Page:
Drivers for “peripherals” like camera, display, bluetooth, etc are blobs and run a layer on top of the kernel. This is called Android HAL (Hardware Abstraction Layer).
I think writing drivers from scratch is nearly impossible. I’m not a systems developer, but the people at Mozilla with B2G/FxOS, the people at Canonical with Ubuntu Touch, the people at KDE with Plasma Mobile and the people at Jolla with Sailfish OS, all of them, use the device kernel sources and provide slightly different methods to reuse the blobs:
- FxOS is built over a stripped down Android which, well, “boots to Gecko”, which runs Gaia then
- Ubuntu Touch boots to the Ubuntu rootfs and uses libhybris over a LXC Android container (a kind of chroot?), included as a separate image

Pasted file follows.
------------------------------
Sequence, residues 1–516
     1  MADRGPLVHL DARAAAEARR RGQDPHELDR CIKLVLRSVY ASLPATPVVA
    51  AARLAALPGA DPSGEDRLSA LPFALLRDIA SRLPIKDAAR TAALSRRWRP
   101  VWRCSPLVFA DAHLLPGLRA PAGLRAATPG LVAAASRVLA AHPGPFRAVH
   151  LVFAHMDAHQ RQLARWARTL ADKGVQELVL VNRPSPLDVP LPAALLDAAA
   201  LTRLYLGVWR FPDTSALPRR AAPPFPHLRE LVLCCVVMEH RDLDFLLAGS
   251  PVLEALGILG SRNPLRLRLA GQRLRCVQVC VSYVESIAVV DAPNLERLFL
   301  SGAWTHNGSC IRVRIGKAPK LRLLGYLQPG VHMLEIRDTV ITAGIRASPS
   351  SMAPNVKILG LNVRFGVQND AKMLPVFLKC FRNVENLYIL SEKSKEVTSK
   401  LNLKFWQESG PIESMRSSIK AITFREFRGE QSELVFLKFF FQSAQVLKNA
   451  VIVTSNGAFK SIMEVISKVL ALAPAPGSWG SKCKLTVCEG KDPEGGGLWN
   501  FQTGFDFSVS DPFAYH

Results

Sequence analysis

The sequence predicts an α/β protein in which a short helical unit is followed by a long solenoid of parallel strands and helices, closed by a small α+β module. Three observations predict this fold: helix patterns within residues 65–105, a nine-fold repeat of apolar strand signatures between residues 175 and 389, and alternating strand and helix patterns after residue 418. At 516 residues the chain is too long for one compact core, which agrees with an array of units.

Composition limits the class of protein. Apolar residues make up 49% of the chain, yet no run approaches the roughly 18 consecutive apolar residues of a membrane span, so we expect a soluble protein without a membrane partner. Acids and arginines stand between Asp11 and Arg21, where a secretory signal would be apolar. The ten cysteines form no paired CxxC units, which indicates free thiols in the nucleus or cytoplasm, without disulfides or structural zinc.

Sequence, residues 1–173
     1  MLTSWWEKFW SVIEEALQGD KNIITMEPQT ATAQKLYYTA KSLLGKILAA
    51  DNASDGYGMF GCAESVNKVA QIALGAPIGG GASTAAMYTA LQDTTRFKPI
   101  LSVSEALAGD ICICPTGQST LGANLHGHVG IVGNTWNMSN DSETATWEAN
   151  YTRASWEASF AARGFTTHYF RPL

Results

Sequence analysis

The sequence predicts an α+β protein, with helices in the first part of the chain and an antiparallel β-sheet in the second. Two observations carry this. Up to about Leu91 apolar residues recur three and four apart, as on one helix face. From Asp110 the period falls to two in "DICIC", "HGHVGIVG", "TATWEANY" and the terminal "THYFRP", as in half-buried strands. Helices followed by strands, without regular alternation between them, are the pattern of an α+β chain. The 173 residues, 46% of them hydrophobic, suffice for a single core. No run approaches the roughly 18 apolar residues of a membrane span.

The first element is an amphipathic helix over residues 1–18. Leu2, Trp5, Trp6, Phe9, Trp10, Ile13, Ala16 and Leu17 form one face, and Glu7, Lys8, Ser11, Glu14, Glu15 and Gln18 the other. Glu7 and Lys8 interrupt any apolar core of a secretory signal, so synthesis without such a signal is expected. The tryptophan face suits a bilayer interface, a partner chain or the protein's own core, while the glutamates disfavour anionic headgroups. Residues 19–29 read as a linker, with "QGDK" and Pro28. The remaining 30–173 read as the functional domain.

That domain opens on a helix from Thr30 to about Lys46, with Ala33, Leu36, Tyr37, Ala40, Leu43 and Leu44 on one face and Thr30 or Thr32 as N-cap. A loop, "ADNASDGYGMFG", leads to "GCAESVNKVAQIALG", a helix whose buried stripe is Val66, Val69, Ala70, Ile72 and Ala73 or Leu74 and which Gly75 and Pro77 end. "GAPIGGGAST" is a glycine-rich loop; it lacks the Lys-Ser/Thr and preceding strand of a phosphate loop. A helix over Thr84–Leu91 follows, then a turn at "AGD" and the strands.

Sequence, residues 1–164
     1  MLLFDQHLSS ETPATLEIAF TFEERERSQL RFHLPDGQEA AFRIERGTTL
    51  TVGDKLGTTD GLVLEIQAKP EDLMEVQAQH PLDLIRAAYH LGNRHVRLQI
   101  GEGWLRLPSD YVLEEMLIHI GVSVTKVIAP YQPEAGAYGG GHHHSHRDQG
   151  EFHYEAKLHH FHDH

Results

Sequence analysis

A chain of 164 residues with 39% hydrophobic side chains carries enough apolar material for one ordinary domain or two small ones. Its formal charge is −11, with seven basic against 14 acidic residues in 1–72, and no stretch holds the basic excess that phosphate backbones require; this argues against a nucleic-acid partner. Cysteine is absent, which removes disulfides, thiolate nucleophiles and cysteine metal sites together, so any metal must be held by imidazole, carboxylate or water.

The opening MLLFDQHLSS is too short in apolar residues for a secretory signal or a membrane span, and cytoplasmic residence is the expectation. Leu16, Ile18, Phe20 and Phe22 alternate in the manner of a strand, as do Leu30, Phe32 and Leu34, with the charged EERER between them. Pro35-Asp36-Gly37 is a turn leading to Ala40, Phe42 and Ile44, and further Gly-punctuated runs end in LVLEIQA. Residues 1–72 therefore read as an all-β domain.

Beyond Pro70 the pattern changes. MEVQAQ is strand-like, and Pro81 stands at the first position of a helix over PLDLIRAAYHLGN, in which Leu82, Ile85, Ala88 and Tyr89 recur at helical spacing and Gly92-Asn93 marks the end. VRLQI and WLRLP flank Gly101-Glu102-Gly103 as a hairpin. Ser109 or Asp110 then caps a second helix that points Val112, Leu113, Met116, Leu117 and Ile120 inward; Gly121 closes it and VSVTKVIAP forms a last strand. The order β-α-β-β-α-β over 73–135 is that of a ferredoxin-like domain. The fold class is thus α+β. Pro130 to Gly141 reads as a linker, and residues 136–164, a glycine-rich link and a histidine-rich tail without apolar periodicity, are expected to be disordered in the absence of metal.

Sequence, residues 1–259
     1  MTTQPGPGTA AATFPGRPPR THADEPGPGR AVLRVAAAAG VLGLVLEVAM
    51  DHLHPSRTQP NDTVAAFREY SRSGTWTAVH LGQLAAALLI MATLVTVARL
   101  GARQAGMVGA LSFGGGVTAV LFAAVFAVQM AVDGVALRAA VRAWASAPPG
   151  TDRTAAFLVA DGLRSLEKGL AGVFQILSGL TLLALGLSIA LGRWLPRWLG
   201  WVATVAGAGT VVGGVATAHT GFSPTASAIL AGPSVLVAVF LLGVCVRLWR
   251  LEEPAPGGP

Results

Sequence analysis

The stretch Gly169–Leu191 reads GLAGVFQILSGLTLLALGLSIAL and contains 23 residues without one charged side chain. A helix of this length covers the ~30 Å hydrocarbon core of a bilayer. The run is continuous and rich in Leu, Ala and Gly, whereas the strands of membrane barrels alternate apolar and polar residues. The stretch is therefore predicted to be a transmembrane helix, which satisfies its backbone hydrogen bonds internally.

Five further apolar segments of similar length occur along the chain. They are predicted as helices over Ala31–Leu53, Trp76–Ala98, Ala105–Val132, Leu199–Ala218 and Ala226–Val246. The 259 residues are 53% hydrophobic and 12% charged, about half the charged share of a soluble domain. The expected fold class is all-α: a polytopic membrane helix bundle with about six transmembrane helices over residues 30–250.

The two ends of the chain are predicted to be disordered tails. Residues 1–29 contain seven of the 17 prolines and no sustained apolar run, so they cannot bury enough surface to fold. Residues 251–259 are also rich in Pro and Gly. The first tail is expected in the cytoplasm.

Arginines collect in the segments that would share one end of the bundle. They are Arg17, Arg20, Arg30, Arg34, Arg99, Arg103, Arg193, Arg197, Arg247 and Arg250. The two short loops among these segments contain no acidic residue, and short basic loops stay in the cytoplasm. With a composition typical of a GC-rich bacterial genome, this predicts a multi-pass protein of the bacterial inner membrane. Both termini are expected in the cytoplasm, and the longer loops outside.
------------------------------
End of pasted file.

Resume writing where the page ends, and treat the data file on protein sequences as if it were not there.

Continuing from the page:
- Sailfish OS boots to a GNU rootfs and uses libhybris too
- Pasma Mobile uses libhybris too, I don’t know the internals yet
It may be that these OSes were thought for the global scope, not for a particular device. Libhybris seems to be the only option available for the task. Note that Android blobs are not compiled with GNU C (glibc), but with Bionic, the C library modified by Google for Android (I’m not so technical here because I don’t clearly understand the differences, honestly)
If you want, I can search for some kind of paper I found somewhere in the Internet about Ubuntu Touch architecture in deep.